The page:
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Heterodox economics: Marginal revolutionaries

Heterodox economics: Marginal revolutionaries
POINT UDALL on St Croix, one of the US Virgin Islands, is a far-flung, wind-whipped spot. You cannot travel farther east without leaving the United States. Visitors can pose next to a stone sundial commemorating America's first dawn of the third millennium. A couple named “Sigi + Ricky” have added a memento of their own, an arrowstruck heart scrawled on the perimeter wall in memory of “us”. Warren Mosler, an innovative carmaker, a successful bond-investor and an idiosyncratic economist, moved to St Croix in 2003 to take advantage of a hospitable tax code and clement weather. From his perch on America's periphery, Mr Mosler champions a doctrine on the edge of economics: neo-chartalism, sometimes called “Modern Monetary Theory”.

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Second Bill of Rights The Second Bill of Rights was a list of rights proposed by Franklin D. Roosevelt during his State of the Union Address on January 11, 1944.[1] In his address Roosevelt suggested that the nation had come to recognize, and should now implement, a second "bill of rights". Roosevelt's argument was that the "political rights" guaranteed by the constitution and the Bill of Rights had "proved inadequate to assure us equality in the pursuit of happiness." Roosevelt's remedy was to declare an "economic bill of rights" which would guarantee eight specific rights: Roosevelt stated that having these rights would guarantee American security, and that America's place in the world depended upon how far these and similar rights had been carried into practice.

A region's gross domestic product, or GDP, is one of the ways of measuring the size of its economy. The GDP of a country is defined as the total market value of all final goods and services produced within a country in a given period of time (usually a calendar year). It is also considered the sum of value added at every stage of production (the intermediate stages) of all final goods and services produced within a country in a given period of time. The most common approach to measuring and understanding GDP is the expenditure method: Monetary Theory, Crony Capitalism and the Tea Party - US Business News Blog The so-called "bond vigilantes" turned out to be mythological creatures, at least as far as U.S. federal debt is concerned. Even the crisis over the debt ceiling and the downgrade of the U.S.'s credit rating only lead to lower interest rates. The school of economics that best explains this phenomenon is called "Modern Monetary Theory" or MMT. The MMT school is made up of scholars, businessmen and online advocates who have a deep understanding of the operations of the actual operational aspects of our monetary system. They argue, quite persuasively, that our monetary system is built in such a way that our government is never revenue constrained, which is to say it can spend as much as it likes, because the government creates our money.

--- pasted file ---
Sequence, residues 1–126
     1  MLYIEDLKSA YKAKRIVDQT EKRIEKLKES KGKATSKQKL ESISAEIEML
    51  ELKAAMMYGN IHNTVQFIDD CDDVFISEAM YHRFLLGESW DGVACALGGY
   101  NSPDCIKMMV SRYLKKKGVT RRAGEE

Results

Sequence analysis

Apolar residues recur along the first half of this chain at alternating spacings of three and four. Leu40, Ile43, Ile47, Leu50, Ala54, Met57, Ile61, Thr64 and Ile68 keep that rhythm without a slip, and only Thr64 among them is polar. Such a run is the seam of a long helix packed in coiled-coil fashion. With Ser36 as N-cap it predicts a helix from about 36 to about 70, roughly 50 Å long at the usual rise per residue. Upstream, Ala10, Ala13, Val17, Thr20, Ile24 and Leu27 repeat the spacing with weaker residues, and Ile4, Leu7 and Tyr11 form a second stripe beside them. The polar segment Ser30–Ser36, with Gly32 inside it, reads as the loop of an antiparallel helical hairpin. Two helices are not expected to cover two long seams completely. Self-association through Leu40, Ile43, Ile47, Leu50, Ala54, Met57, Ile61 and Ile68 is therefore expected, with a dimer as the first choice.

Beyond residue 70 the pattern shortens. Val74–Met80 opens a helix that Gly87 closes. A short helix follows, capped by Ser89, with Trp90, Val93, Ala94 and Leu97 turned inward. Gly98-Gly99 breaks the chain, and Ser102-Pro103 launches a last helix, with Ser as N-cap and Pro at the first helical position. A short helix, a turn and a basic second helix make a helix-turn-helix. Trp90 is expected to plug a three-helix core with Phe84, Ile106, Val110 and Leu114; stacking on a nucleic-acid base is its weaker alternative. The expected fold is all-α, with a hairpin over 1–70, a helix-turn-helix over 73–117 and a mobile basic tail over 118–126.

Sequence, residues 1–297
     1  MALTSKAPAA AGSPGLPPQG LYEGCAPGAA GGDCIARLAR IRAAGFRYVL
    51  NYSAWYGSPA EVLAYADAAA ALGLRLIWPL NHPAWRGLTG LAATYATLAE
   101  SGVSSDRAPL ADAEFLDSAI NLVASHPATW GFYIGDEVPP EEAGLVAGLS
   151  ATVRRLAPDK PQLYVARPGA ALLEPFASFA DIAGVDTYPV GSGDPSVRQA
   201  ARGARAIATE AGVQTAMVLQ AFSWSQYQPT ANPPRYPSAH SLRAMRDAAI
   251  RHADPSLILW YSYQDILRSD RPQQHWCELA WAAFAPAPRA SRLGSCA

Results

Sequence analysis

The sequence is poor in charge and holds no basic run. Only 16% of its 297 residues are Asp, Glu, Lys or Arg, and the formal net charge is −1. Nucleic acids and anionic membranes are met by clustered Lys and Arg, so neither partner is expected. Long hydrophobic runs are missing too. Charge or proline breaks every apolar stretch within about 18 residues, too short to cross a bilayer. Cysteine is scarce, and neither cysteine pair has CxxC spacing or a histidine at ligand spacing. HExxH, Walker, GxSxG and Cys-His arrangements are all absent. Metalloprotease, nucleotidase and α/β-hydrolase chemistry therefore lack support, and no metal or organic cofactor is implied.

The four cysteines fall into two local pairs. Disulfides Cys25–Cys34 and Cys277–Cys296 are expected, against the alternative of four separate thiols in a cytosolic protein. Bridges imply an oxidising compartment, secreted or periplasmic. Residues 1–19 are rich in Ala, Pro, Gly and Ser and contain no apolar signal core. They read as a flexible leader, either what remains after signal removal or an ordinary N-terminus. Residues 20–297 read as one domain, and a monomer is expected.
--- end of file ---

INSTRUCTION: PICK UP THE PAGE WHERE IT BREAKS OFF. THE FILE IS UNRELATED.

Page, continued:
Primary Source Documents Primary Source Documents Pertaining to Early American History An invaluable collection of historical works which contributed to the formation of American politics, culture, and ideals The following is a massive collection of the literature and documents which were most relevant to the colonists' lives in America. Modern Monetary Theory is an unconventional take on economic strategy What’s more, his father, John Kenneth Galbraith, was the most famous economist of his generation: a Harvard professor, best-selling author and confidante of the Kennedy family. Jamie has embraced a role as protector and promoter of the elder’s legacy. But if Galbraith stood out on the panel, it was because of his offbeat message. Most viewed the budget surplus as opportune: a chance to pay down the national debt, cut taxes, shore up entitlements or pursue new spending programs. He viewed it as a danger: If the government is running a surplus, money is accruing in government coffers rather than in the hands of ordinary people and companies, where it might be spent and help the economy. “I said economists used to understand that the running of a surplus was fiscal (economic) drag,” he said, “and with 250 economists, they giggled.”

(No handout; chapter 13) What is the Mundell-Fleming model? In an open economy with external trade and financial transactions, how are the key macro variables (GDP, inflation, balance of payments, exchange rates, interest rates, etc) determined and interact with each other? What are the effects of fiscal and monetary policies? John Stuart Mill: On Liberty by Harvard Classics Volume 25 Copyright 1909 P.F. Collier & Son About the online edition. This was scanned from the 1909 edition and mechanically checked against a commercial copy of the text from CDROM. Mainstream economics and Modern Monetary Theory: A family tree Culture Connoisseur Badge Culture Connoisseurs consistently offer thought-provoking, timely comments on the arts, lifestyle and entertainment. More about badges | Request a badge

Let’s Not Pussyfoot Around with the Banks Written by Mira Tekelova on . There is a simple fact about the UK banking system that is both profound and mundane. It is also little known, and yet the source of much hyperbole, according to Tony Greenham, Head of Finance and Business at nef (New Economics Foundation) What is this simple fact?

Black-Scholes Model In their 1973 paper, The Pricing of Options and Corporate Liabilities, Fischer Black and Myron Scholes published an option valuation formula that today is known as the Black-Scholes model. It has become the standard method of pricing options. The Black-Scholes formula calculates the price of a call option to be: C = S N(d1) - X e-rT N(d2) where Put-call parity requires that:

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